April 9, 2014 — With Kentucky in the midst of the political season, it’s time to share some stories I’ve heard about the art of politicking.
My favorite might be the man who ran for jailer but didn’t fare too well at the ballot box. In fact, he received only a handful of votes.
When he showed up at the local general store the day after the election, he was wearing a big pistol on his hip.
The storekeeper asked why he was wearing a sidearm and got this classic response:
“Any man who ain’t got no more friends than me ought to carry a gun.”
A colleague was a member of a federal grand jury investigating vote fraud with absentee ballots.
The federal prosecutor brought forth a man who freely admitted his part in the crime.
The government lawyer asked the culprit to explain to the grand jury members why he thought it was acceptable to write the names of dead persons on applications for absentee ballots and then to mark the ballots of the deceased.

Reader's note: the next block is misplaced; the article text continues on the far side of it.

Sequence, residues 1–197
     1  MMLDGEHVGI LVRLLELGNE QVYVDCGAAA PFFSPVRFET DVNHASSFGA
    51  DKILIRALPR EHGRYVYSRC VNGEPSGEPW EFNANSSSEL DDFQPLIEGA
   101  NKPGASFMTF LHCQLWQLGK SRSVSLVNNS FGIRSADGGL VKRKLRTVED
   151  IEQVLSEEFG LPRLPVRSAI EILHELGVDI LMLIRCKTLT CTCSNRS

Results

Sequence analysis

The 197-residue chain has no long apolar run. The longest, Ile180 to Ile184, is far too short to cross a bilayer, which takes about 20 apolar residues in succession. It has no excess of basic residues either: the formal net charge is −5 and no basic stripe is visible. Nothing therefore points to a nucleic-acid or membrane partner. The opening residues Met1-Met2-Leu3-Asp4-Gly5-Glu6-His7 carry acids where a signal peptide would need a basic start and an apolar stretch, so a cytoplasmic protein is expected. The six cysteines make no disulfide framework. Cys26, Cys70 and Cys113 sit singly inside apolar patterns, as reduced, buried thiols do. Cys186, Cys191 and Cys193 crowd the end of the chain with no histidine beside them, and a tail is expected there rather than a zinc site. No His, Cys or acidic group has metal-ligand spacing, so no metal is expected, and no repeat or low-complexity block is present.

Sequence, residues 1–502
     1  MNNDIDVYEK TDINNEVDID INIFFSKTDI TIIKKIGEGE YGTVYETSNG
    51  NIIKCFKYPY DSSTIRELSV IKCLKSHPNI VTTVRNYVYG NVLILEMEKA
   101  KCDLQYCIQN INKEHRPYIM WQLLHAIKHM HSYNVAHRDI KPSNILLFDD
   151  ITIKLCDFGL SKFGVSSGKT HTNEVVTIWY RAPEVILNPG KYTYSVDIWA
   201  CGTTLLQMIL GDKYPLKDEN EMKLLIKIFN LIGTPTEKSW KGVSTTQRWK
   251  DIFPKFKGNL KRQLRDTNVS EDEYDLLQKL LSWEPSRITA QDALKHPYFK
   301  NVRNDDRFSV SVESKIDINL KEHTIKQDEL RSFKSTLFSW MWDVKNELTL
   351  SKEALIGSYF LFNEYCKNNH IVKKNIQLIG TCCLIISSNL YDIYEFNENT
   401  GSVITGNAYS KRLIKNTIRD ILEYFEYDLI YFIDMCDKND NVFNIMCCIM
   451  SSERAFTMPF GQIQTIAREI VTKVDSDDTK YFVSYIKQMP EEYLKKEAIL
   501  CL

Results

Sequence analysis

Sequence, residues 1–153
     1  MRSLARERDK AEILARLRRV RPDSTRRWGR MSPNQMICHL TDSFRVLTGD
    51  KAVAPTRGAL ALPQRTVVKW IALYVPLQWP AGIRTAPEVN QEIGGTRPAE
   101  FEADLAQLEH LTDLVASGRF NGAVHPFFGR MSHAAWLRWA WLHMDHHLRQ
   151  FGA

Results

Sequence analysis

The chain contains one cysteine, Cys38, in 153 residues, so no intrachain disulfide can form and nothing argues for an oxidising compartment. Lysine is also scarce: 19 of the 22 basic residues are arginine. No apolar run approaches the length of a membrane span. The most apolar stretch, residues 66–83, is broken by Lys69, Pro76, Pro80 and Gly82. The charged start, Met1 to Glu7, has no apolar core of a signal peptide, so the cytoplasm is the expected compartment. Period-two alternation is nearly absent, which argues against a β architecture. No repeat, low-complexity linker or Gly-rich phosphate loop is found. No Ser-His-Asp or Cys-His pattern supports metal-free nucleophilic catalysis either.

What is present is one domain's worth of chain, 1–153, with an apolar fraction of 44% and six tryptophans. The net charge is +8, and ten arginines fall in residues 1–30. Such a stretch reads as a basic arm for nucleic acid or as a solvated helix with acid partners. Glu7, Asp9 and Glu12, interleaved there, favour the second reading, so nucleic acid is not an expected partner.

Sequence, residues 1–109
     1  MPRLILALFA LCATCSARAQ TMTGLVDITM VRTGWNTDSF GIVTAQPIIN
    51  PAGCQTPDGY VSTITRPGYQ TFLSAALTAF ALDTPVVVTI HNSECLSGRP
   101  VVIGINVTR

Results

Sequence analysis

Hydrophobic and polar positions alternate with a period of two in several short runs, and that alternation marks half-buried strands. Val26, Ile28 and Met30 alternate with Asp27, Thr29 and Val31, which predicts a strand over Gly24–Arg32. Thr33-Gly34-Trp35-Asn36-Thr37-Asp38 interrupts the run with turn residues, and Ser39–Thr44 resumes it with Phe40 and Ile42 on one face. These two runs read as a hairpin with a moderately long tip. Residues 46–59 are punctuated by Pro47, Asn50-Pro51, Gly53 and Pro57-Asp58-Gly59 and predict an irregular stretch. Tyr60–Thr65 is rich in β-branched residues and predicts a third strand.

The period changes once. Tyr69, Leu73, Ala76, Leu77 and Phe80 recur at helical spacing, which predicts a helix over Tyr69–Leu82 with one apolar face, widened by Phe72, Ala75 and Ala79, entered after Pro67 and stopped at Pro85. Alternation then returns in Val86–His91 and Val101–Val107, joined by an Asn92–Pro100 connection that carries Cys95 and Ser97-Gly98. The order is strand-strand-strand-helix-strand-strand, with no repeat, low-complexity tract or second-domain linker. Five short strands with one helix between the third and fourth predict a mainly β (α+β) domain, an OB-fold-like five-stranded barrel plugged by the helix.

The accused was quick to respond:
“This is America. Just ‘cause someone died don’t mean they lost their right to vote.”
Then there’s the tale of the skinny little guy who ran for constable just after World War II ended.
A political speakin’ was held at the courthouse.
Candidate after candidate came to the microphone to proudly tell how they’d been wounded in battle or taken prisoner and mistreated or how they had suffered from some jungle disease while overseas in the service.
Finally, it was the constable candidate’s turn to speak. He was not a veteran but he bravely cleared his throat and proudly announced:
“Folks, I know you can’t tell it from looking at me today but I’m the worst ruptured man in this here county.”